My life is so weird these days. I seriously don’t recognize it anymore—and that’s not really a bad thing. I’m now one of those people: the ones who do yoga, meditate, subscribe to healthy snack deliveries, work from home, use coconut oil in their hair, and feed their cat all-natural baby food.
Yep, baby food.
So, for the last few days, my cat has been vomiting. Constantly. She also stopped eating. When she did eat, it came right back up. It worried me right away because Squirt is normally a good eater. She throws up every so often, but it’s the usual kitty stuff. This was over and over. She didn’t even touch her “nummies” (wet food, in English). I fought with myself about taking her to the vet. I’m not made of money, guys. I mean, I write books for a living. It’s my favorite job, but it doesn’t allow me to drop hundreds of dollars on a vet trip—especially one that turns out to be totally unnecessary.
But I love this little fur ball as if I gave birth to her myself. She’s a pretty cool cat. She sits on the back of my chair while I write, and only lets me snuggle and huggle her. Everyone else, she’s sort of flippant about. She can be charming, though; even Mike, who is not a cat person, likes her enough to give her the occasional chin scratching.
So I made an appointment and took her in. I was glad I did. Her temperature was 103° F and she was super dehydrated (apparently even a little dehydration is very dangerous for cats). They ran a slew of tests, pumped her full of fluids, and took x-rays. We won’t know for sure what’s going on until tomorrow at the earliest, but for now she’s on a strict diet of baby food and Pedialyte.
Now that I have unveiled myself as a crazy cat lady and rambled for 300 words about how much I love my animal, I’m gonna take it a step further. I picked up a bunch of baby food flavors for her. She didn’t even touch the sweet peas. I put down a spoonful of turkey, though, and she devoured it. I have never been so overjoyed to watch a cat eat. Never. Anyway, before I put her dish down, I tried each flavor (mostly to make sure it wasn’t burning hot). Baby food, as it turns out, actually doesn’t taste bad (at least, the turkey, carrot, and sweet pea jars).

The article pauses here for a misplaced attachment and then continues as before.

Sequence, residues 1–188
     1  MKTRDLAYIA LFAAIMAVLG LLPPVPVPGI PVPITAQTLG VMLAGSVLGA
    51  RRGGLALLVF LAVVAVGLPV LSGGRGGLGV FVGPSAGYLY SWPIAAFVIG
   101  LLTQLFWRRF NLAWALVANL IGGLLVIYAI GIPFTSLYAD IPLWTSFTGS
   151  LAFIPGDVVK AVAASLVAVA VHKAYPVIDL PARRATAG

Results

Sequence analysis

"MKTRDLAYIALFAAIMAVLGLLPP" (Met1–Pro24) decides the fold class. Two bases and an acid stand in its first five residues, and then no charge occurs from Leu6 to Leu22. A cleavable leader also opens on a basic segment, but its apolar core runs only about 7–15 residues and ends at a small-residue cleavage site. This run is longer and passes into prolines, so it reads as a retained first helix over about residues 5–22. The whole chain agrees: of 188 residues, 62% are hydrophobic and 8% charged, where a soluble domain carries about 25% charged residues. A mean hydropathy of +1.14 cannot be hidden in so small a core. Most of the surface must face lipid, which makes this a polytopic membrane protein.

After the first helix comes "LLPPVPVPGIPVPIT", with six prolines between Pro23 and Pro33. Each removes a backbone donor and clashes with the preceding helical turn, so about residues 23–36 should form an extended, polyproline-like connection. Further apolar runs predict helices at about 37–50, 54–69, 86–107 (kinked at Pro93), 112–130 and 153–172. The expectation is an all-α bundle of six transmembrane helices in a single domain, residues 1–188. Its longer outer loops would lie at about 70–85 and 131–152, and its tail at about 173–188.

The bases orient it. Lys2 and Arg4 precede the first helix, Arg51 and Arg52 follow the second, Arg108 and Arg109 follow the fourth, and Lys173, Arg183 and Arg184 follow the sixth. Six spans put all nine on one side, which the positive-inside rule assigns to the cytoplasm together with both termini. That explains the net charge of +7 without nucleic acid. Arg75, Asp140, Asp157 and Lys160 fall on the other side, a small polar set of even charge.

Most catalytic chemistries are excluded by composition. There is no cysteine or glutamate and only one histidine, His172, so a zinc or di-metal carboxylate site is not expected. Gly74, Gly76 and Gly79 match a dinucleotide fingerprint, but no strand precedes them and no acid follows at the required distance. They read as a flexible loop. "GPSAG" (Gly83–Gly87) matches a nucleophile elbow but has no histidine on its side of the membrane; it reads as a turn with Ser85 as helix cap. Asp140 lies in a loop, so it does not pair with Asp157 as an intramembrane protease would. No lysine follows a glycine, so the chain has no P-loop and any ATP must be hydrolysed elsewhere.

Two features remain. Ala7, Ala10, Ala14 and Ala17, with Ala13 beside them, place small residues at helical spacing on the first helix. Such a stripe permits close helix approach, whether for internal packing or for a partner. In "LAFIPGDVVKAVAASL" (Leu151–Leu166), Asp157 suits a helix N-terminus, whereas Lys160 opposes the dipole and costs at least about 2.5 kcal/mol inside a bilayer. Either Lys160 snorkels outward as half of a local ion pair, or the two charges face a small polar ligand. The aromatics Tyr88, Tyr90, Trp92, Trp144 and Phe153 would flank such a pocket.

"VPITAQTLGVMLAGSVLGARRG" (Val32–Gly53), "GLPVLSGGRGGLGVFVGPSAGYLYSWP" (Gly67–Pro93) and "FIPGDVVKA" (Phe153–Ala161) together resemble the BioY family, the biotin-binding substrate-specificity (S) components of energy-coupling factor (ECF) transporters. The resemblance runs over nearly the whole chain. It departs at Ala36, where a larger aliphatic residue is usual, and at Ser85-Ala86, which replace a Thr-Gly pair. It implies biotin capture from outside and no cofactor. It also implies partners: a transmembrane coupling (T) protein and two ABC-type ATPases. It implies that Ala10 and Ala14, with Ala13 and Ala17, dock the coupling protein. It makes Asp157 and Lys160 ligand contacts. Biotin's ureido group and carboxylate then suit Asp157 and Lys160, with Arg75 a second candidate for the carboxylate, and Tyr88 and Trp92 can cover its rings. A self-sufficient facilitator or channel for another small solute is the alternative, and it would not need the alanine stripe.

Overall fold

Are you still reading? Whew. That’s good. At least I have some readers left.
I’m extremely sensitive. Like, I fit under that annoying label of “Highly Sensitive Person.” (I say “annoying” because for a while, you couldn’t read anything without seeing the term HSP.) Like all buzz words and fads, though, it’s actually a real thing that affects real people. I’m one of those people. I can’t watch the news without crying—even if it’s good news. Other people’s moods transfer to me like sidewalk chalk onto bare feet. When I am happy, I am very happy; when I’m sad, I spiral down far and fast. I think the HSP is a symptom of my depression. I was always sensitive, even as a young child.
So, when I watched my cat eat for the first time in days, I cried. I sat down on the floor next to her, watching her eat with a huge smile on my face. I set a timer to give her another teaspoonful in an hour. And I considered setting that timer all throughout the night. I realized, sitting there, that I have nothing to worry about when it comes to parenting. If I can patiently scrub a cat’s vomit out of a carpet while feeling bad that she feels bad, pay a vet bill without blinking because I’d rather have a happy healthy kitty, and cry tears of joy when she starts getting better—then I can definitely handle children, depression and all.